My guitar is a hand made solid body which is similar in design to a solid body Les Paul, except with a double cut-away. In fact, it came with a Les Paul case. It has a bolt-on neck. Would it have been a better guitar if the neck was set? I'll never know, but I can tell you it's still a great guitar. ...
My guitar is a hand made solid body which is similar in design to a solid body Les Paul, except with a double cut-away. In fact, it came with a Les Paul case. It has a bolt-on neck. Would it have been a better guitar if the neck was set? I'll never know, but I can tell you it's still a great guitar. I've had the neck off several times to re-set the angle or just do general maintenance. To me, the set neck vs bolt-on is a non-issue. The guitar speaks for itself.
Steve, Can I give you a bit of friendly advice? From all the questions you've been asking, it sounds like you're trying to find the "perfect" guitar......humbuckers vs single coils, bolt-on vs set necks, how to eliminate hum in single coils, etc. Forgive me if I'm making incorrect assumptions about your reasons for asking.
Everybody wants to find the "best" guitar, especially if they're plunking down a lot of hard-earned cash. That's understandable. What I've come to realize is that there is no single best guitar. That's why there are so many different ones. In many ways it's like buying a car. There are lots of good choices, and no single best. Is a Ferrari better than a Porsche? Everybody has a preference, but honestly wouldn't you be happy with either?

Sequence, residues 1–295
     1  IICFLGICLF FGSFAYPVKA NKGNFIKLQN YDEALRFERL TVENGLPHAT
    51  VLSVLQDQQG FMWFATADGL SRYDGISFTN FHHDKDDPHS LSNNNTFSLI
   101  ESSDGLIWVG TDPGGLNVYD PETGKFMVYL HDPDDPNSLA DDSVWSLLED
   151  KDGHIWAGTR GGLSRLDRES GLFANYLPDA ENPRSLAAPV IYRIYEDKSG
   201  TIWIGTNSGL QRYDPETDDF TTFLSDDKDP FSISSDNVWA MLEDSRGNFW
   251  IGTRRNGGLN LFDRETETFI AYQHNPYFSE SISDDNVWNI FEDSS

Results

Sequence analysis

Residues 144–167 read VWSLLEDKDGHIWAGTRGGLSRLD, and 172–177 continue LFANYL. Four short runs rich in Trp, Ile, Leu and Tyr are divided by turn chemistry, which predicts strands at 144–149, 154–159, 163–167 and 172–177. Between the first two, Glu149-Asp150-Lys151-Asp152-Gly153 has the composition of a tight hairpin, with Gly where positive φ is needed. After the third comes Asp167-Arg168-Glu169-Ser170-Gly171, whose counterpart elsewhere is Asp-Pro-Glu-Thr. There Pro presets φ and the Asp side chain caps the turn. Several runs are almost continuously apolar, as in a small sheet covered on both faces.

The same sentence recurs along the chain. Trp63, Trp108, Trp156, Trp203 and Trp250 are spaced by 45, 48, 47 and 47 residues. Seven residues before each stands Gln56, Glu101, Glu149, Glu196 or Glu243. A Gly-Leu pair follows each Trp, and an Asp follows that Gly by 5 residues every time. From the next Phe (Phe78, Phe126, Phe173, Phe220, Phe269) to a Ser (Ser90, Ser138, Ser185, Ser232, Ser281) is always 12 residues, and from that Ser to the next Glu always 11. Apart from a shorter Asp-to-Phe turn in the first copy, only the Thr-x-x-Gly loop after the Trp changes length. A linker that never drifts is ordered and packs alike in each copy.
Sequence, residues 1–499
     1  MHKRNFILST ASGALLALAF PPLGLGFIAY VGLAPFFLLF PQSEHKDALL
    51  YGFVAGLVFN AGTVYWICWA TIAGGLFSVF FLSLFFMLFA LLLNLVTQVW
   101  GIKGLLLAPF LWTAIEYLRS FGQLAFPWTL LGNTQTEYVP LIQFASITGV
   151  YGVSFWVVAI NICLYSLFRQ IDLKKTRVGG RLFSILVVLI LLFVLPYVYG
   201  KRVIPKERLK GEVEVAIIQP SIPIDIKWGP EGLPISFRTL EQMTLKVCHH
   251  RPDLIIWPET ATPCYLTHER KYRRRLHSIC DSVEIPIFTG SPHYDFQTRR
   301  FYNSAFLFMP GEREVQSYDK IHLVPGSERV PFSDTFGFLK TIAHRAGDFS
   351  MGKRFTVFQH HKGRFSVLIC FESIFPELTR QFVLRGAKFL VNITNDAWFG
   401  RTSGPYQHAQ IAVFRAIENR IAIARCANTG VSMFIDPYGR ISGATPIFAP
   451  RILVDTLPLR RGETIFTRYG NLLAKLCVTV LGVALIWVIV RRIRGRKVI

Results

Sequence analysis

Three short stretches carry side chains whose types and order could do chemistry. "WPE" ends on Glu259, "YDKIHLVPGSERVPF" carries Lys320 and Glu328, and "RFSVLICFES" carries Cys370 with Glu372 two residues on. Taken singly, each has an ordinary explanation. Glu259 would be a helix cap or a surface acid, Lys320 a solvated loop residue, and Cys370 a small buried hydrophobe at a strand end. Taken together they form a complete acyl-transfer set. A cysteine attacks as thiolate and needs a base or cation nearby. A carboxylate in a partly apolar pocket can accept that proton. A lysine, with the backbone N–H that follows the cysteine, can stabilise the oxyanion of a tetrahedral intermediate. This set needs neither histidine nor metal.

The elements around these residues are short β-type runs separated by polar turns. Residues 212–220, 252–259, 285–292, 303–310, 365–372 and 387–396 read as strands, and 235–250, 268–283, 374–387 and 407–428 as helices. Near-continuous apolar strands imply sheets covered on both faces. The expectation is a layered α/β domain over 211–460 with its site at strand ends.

In some ways, selecting a guitar is harder now than it used to be. The internet is a great source for information, but sometimes we get information overload. It's hard to process all the differing opinions, information, and mis-information. When I bought my guitar in 1979(!) I didn't have all the options you have today. No internet for research, no Guitar Center...just word of mouth and a couple of local guitar shops. I had joined a band and had hastily bought a used electric guitar to get me started. Once I'd saved some money, I decided I needed to get a better one. So with a pocket full of money, I drove to the nearest big city (Burlington VT) and spent the day in it's two music stores trying out every guitar they had. Determined to come home with a new guitar, I made a choice. Now, 39 years later, I'm playing the same guitar. Was it the perfect choice, or did I grow into it? Who can say...but *that's* how you choose a guitar. Forget all the internet advice (except mine, of course haha) and drag yourself to a Guitar Center. Play a bunch of guitars and buy the one that you like best. There are very few bad choices, and honestly, all the hype about a particular guitar being best for a genre is mostly overblown. Happy hunting!
FWIW, I play a Time TimeKaster made in Burlington VT in 1979. If you scroll down to the 18th photo on this page, you'll see my actual guitar. The photo was taken at a Time Guitar reunion several years ago. http://www.timeguitars.com/viewtopic.php...